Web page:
by James

These videos aim to provide short, effective teaching of specific problem solving skills in organic chemistry.


Drawing Structures
Line Drawings “Hidden” Hydrogens Exercise: Condensed Formula (1)
Exercise: Condensed Formula (2)


Formal Charge
Atomic Charge Formal Charge Introduction Key Patterns
Exercise: NH4 Exercise: CN Exercise: CO3
Exercise: N3 Exercise: CH2N2 Exercise: O3
Exercise: CH3NO2 Exercise: Radicals/Carbenes Exercise: Hidden Hydrogens
Exercise: Hidden Lone Pairs Exercise: Allyl carbocation


Bond Rotations
The “Steering Wheel” Analogy Exercise 1 Exercise 2
Exercise 3 Exercise 4 Exercise 5


Nucleophilic Substitution
What is Substitution? Introduction to the SN2 (Experiments) The SN2 Mechanism
Exercise: Applying the SN2 Introduction to the SN1 (Experiments) The SN1 Mechanism
Exercise: Applying the SN1 Comparing the SN1 and SN2 What’s a Nucleophile?
What makes a good nucleophile? (1) What makes a good nucleophile? (2) What makes a good nucleophile? (3)
Solvents in SN1 and SN2 Reactions What makes a good leaving group? Making OH a good leaving group
Carbocation Stability The SN2 Reaction Energy Diagram The SN1 Reaction Energy Diagram
SN1 vs. SN2 Overview Exercise: SN2 (Leaving groups) Exercise: SN2 (Substrate)
Exercise: SN1 (Substrate) SN1 with rearrangement (1) SN1 with rearrangement (2)
SN1 with rearrangement (3)


Introduction to Elimination Zaitsev’s Rule How Heat Affects Elimination Reactions
The E1 Reaction E1 vs. SN1 E1 with rearrangement (1)
E1 with rearrangement (2) The E2 Reaction The E2 Reaction (Newman projection)
E2 in cyclohexanes E2 in cyclohexanes (2) Bulky bases
Comparing the E1 and E2 Mechanisms Comparing E1 and E2 Stereochemistry Exercise: Zaitsev’s rule


Introduction to Rearrangements Carbocation Stability (1) Carbocation Stability (2)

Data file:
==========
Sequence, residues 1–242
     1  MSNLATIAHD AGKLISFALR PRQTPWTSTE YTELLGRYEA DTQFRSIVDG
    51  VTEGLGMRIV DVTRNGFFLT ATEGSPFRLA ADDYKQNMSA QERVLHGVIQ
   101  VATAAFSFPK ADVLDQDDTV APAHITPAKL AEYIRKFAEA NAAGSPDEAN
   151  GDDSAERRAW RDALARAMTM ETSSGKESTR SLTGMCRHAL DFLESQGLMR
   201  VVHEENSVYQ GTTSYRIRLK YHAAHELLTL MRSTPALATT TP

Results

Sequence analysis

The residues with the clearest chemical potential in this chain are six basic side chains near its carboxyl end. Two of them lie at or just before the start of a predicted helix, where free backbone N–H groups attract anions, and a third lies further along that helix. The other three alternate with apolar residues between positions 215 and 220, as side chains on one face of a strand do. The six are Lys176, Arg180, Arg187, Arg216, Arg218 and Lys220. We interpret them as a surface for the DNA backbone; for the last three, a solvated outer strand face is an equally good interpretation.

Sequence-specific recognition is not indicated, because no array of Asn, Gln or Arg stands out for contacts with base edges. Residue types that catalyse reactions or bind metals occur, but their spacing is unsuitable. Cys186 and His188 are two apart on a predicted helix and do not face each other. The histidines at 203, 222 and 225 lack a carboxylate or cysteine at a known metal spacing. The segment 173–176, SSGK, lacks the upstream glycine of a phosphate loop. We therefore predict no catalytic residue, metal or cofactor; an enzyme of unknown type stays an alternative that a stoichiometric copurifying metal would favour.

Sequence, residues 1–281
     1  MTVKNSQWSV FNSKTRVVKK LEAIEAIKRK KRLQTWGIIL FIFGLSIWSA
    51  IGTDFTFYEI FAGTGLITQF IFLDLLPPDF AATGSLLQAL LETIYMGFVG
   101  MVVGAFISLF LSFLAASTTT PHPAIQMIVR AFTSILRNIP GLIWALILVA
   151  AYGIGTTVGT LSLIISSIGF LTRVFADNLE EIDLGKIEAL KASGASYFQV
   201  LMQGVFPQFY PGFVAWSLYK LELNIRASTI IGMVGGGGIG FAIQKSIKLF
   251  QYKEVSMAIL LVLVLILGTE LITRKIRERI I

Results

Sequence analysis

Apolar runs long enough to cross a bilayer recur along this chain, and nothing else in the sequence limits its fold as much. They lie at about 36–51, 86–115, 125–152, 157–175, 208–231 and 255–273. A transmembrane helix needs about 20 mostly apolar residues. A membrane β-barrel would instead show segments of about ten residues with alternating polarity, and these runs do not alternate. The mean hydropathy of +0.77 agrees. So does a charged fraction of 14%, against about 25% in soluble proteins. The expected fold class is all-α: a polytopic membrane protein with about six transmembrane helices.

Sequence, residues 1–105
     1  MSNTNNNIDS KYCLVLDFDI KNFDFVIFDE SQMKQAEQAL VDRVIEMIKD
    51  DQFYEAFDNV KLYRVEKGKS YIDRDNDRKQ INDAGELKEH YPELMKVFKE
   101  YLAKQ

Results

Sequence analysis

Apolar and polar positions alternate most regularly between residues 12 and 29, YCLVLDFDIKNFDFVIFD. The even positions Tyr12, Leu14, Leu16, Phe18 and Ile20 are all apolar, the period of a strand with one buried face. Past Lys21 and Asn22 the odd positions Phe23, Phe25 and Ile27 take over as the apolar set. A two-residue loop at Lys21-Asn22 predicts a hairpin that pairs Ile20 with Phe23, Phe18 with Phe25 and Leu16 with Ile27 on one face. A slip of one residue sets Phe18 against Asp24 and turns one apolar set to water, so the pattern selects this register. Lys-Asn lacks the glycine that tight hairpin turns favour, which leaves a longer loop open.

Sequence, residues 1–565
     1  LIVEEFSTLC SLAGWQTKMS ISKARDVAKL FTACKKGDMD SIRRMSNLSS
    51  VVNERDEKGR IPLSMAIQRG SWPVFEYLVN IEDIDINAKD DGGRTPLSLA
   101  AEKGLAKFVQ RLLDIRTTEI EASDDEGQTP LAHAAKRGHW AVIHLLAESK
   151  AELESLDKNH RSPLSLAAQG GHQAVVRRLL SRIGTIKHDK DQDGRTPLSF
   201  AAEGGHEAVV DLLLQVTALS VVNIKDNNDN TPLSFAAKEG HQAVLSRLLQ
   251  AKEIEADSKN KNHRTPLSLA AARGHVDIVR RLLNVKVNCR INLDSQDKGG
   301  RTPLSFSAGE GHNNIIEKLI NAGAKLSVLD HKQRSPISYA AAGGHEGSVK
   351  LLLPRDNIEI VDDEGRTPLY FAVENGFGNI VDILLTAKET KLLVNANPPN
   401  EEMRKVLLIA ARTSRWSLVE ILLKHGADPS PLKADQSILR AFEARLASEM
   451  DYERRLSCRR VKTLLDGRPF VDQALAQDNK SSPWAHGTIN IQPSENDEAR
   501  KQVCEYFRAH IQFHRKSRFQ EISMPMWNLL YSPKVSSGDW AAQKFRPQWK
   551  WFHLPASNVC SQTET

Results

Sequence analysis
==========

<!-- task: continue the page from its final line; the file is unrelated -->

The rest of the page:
Hydride Shifts Alkyl Shifts

Acids and Bases
Lewis acids and Lewis bases 4 Components of every acid base reaction Strong and weak acids
The golden rule of acid base reactions Acidity (1) Charge Density Acidity (2) Electronegativity
Acidity (3) Polarizability Acidity (4) Resonance Acidity (5) Electron Withdrawing Groups
Acidity (6) Orbitals Acidity (7) Aromaticity Introduction to pKa
How to use a pKa table


Introduction to Resonance Unequal Resonance Forms Curved Arrrows
Evaluating Resonance (1) Charge Evaluating Resonance (2) Octets Evaluating Resonance (3) Negative Charge
Evaluating Resonance (4) Positive Charge Evaluating Resonance (5) Aromaticity Summary of Resonance (1)
Summary of Resonance (2) Common Mistakes (1) Common Mistakes (2)


Converting Fischer to Line Diagram Converting Line Diagram to Fischer Converting Newman to Line Drawing
How to draw an enantiomer R and S relationships A simple trick for R/S
The single swap rule Determining R/S on a Fischer projection Exercise: Enant/Diastereomer/Same (1)
Exercise: Enant/Diastereomer/Same (2) Exercise: Enant/Diastereomer/Same (3) Exercise: Enant/Diastereomer/Same (4)
Exercise: Enant/Diastereomer/Same (5)


Substitution Elimination Decision
SN1/SN2/E1/E2 (1) Overview SN1/SN2/E1/E2 (2) Substrate SN1/SN2/E1/E2 (3) Nucleophile/base
SN1/SN2/E1/E2 (4) Solvent SN1/SN2/E1/E2 (5) Temperature


Introduction to Reactivity
How Formal Charge Can Mislead Identifying reactive sites

{ 6 comments… read them below or add one }


hello sir these videos are good for learning but naming of organic compounds is missing.
please add them also.



Great job. These have really helped clarify a lot of the confusing issues in Organic Chemistry! Keep it up.



This is simply amazing!!
concepts are explained in a very lucid manner..
I really appreciate your work sir!!



Terrific! Better than Khan Academy! BY FAR the most clear and concise Organic Chemistry videos on the web. (This is how I felt about Tyler Dewitt’s youtube channel for Gen. Chem.)
My only wish for the videos is that the volume was louder. It was sometimes hard to hear.
(Just a head’s up – as of 3/9/15 – the Summary of Resonance (2) link seems broken).
Thanks! And keep them coming! (Perhaps with louder audio, please).



Please keep them coming! Looking forward to addition reactions. More alkene and alkyne reactions.
These taught me more in a couple days than I learned all semester.



It would be really helpful if the videos were in order because I get so confused as to which is first and I have to go through a couple to find out which is the first of its series.

I really appreciate all your hard work and help!


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